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One less excuse for avoiding the office: Your dog might not care if you’re gone, vets say

May 22, 2022, 12:30 PM UTC
Teddy, the author's geriatric poodle mix, who has no strong opinions at all.
Courtesy of Jane Thier

I got my dog Teddy, a mini poodle mix, at a time of unprecedented economic uncertainty and national turmoil. My family was eager for some levity, an excuse to get more fresh air, and a reason to interrupt the anxious hours spent glued to their screens. 

It was spring 2009, and we were deep into the Great Recession. Teddy was my 12th birthday present. 

Nobody in the family wanted Teddy quite as much as I did. Despite my insistence that I’d do all the pet care, my parents remained unmoved. “What happens when you go to college?” they asked me. “Who will do the late night walks?” As a sixth grader, I thought this was crazy—who thinks so far ahead?

They probably had a point. I’m 25 now; Teddy is 13, still kicking and still needing four walks a day. 

Early in the pandemic, I watched countless friends and coworkers pay a visit to their local shelter, breeder, or pet store, looking for the same joy Teddy sparked during the last national crisis. But dogs, of course, aren’t good presents, and they are not short-term commitments. 

I did keep my promise, caring for Teddy until I left for college in 2015, at which point my parents took over. But in the summer of 2020, when I moved into a dog-friendly studio apartment, they suggested it might be time for me and Teddy to reunite. I was working remotely, they were both in the office part-time. My 12-year-old self did promise to be his caretaker forever. Wasn’t it time I took back the leash? 

So that’s how it’s come to pass. For the past two years, my recession pup has been a loyal and constant companion. I walk him first thing in the morning, again during my lunch break, after I sign off at 5, and then once more before bed. In his golden years, he spends pretty much the rest of the day dozing.

The office dilemma

I’m able to give Teddy this amount of attention because Fortune hasn’t yet mandated a return to the office. When that day comes, I suppose I’ll hire a dog walker, but in Washington, D.C., where I live, a 30-minute walk could run me anywhere from $18 to $30. That’s not cheap, especially for Teddy, who’s 91 in dog years and walks at a leisurely pace.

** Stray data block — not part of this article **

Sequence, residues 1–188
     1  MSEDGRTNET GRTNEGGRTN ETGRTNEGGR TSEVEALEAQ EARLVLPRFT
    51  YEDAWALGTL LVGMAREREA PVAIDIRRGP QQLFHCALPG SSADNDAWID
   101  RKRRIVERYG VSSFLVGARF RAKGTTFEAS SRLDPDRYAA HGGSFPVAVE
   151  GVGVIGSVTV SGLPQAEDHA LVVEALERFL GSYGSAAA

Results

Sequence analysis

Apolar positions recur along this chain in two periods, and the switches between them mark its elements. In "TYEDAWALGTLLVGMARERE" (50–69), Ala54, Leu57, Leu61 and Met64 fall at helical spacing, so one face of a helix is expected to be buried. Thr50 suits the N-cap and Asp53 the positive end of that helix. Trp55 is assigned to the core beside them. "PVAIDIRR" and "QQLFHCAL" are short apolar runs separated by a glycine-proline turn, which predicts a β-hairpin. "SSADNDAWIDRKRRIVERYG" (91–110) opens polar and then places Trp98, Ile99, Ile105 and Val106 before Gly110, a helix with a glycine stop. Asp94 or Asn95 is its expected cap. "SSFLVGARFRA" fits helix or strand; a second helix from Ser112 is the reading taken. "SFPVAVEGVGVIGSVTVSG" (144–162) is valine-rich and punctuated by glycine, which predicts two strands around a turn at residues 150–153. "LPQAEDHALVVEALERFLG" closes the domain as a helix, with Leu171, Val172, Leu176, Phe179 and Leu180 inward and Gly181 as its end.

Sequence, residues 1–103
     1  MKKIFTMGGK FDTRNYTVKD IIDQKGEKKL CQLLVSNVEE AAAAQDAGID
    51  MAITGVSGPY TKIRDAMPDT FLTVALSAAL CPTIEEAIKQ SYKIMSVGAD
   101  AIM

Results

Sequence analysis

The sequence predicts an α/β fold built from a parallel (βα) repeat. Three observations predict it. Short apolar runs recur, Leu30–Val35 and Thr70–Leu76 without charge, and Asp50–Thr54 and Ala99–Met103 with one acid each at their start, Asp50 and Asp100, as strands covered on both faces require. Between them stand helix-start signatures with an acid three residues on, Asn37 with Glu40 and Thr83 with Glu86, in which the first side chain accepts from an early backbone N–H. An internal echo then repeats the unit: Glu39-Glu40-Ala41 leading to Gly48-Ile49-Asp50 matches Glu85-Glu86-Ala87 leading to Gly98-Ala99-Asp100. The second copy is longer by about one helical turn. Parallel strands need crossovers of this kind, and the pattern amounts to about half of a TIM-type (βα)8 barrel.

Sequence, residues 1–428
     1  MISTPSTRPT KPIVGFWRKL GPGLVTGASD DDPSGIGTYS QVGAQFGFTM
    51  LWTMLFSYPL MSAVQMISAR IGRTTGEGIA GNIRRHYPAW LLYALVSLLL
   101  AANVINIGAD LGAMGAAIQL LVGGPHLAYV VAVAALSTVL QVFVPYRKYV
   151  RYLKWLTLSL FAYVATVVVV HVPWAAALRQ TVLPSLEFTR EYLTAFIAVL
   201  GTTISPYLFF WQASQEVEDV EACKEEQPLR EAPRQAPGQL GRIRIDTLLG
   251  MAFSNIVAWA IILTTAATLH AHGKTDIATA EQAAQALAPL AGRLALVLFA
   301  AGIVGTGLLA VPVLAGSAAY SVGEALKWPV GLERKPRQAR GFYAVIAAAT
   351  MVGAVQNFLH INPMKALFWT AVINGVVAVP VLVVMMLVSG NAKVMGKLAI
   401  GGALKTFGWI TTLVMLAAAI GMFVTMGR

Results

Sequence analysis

I’m hardly the only owner in this predicament. Since the initial lockdowns, approximately 23 million American households have added a cat or dog, according to research from the ASPCA. Indeed, these animals—and their owners—have grown accustomed to a certain level of companionship. How will these pets fare when more people return to the office? 

Any pet could experience separation anxiety, Patrick Mahaney, a house-call veterinarian in Los Angeles, tells me, but it’s not nearly as big an issue as many owners believe.

“Owners think their pets have more anxiety now, but that’s overblown; we haven’t observed it,” he says. “I often see anxious dogs owned by anxious owners who over anthropomorphize them and don’t treat them like dogs.”

But all this projected anxiety is certainly good news for Wag. The pet care app saw 270% year-over-year revenue growth last quarter, its CEO, Garrett Smallwood tells me. Wag offers dog walks, anywhere from 20 to 60 minutes long, boarding, and training, and 400,000 caregivers across the U.S. are on the app.

“The early months of the pandemic were not kind to us,” Smallwood says. “No one needed a dog walker for a long time, but last fall, as the world reopened, we slingshotted out.” 

Pet parents, maybe more than pets, can be sensitive, he acknowledged. 

“COVID has offered a once-in-a-lifetime opportunity to realize pet needs are so unique,” he says. “When you spend a year or two full-time with your pet, you become really attuned to their needs and wants. So obviously you want to do right by them.”